Wednesday, May 19, 2010

My military life

It's not easy being a military wife. It's reading my e-mails this morning that have put me in a somber mood. The first was from a dear friend whose husband is deployed to Afghanistan who wrote of her husband called her to tell her that their base was under attack. That they were sustaining heavy fire. he was scared for his life. The other being from another military girlfriend who I've known for nearly 20 years who asked us to pray for a friend of hers- her friends husband was killed in that attack on the same base in Afghanistan. He left behind a wife and 5 children and a new grandchild- of whom he probably never got to see in person. Here is the news story on MSNBC if you care to care it- Insurgents attack Bagram Air Field. My Heart is breaking for both of these families.

...meanwhile as I pull myself together after wiping away the tears I remember my duty to the airmen and women living in our dorms at the base. Tonight is Dorm Dinner night, where we have a big sit down meal with the single members of our military community and show them how much we appreciate their service to our great country and that we truly do care about them. As I sit here peeling what seems to be an enormous amount of apples I think about how happy this meal will make them, those that are so far away from home- some for the very first time. It's important to get to know those around you, to show them kindness and let them know that they're aren't alone. I did this last night with the spouses function. Sure it was pottery bingo- but we had a handful of new to our base spouses come to their first ever base spouses group function. It's important to give a warm welcome to those ladies (and men) who stand here on the sidelines waiting for their loved ones to come back to them after being "down range". Many of these military spouses are new to this strange world of acronyms and uniforms not to mention having their husbands or wives working such long or strange hours. Many of our spouses are the farthest away from home as they've ever been, and they feel lonely. I'm here and with the help from a terrific group of ladies to help them through that lonely transition time. We do this through getting out and becoming active in things like dorm dinners, lunch bunch, crafting groups, walking groups and more. If you read my bio you know how truly dedicated I am to the military spouse support system. No military spouse has it easy but we can help to ease their burden by showing that we care.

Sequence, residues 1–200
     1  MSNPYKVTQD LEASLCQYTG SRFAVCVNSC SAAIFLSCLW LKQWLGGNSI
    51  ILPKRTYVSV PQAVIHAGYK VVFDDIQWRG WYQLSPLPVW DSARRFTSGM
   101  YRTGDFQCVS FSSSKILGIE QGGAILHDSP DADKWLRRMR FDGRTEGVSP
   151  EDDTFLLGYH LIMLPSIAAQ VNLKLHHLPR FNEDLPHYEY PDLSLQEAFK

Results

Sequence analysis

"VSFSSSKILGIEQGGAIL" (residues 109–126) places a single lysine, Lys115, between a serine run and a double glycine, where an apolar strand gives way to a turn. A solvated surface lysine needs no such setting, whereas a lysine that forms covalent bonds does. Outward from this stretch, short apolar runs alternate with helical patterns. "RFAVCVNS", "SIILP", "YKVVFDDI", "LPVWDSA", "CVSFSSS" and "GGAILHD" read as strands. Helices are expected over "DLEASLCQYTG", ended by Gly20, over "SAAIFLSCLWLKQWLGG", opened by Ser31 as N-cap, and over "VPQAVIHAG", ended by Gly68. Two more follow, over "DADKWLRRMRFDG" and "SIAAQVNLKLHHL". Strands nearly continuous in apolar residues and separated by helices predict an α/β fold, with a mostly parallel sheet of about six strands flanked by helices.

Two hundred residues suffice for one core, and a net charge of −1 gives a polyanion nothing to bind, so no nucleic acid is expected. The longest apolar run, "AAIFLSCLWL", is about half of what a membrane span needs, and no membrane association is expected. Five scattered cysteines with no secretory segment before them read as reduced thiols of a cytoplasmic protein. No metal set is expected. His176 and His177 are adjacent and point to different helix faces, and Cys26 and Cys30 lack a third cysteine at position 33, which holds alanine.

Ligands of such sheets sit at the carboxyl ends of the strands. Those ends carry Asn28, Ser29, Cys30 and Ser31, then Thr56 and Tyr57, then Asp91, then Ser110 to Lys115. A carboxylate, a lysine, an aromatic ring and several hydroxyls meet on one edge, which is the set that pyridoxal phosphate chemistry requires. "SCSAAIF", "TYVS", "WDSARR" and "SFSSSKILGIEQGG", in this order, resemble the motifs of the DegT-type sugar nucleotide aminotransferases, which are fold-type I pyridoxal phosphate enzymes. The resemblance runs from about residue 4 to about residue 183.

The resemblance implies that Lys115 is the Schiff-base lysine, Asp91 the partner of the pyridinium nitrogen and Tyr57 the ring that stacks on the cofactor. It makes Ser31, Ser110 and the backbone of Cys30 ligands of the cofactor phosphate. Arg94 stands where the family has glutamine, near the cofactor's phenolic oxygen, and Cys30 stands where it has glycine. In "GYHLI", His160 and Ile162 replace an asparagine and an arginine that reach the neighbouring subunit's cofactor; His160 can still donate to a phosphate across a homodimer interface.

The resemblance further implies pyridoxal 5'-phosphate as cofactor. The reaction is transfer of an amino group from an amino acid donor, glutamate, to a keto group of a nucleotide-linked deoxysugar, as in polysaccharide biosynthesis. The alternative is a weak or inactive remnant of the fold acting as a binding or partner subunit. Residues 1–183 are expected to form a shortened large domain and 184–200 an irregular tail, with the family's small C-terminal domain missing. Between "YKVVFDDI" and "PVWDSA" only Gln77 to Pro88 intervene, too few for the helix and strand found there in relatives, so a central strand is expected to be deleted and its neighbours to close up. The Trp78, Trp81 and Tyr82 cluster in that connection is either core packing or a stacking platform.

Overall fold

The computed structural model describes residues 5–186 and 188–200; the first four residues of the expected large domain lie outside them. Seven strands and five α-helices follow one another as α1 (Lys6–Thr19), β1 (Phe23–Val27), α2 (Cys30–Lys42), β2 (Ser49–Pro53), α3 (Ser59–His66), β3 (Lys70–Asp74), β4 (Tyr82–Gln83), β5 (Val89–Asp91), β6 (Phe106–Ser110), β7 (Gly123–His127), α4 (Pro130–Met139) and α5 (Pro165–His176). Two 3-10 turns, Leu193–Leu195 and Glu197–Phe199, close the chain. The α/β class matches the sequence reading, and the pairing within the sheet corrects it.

Do not think that love, in order to be genuine, has to be extraordinary. What we need is to love without getting tired.
Mother Teresa


Sheilagh (60 x60) said...

So sad, God Bless them All.

Anonymous said...

They and you are in my thoughts. I just can't imagine... but know you help create so much support and smiles through your efforts! BIG HUGS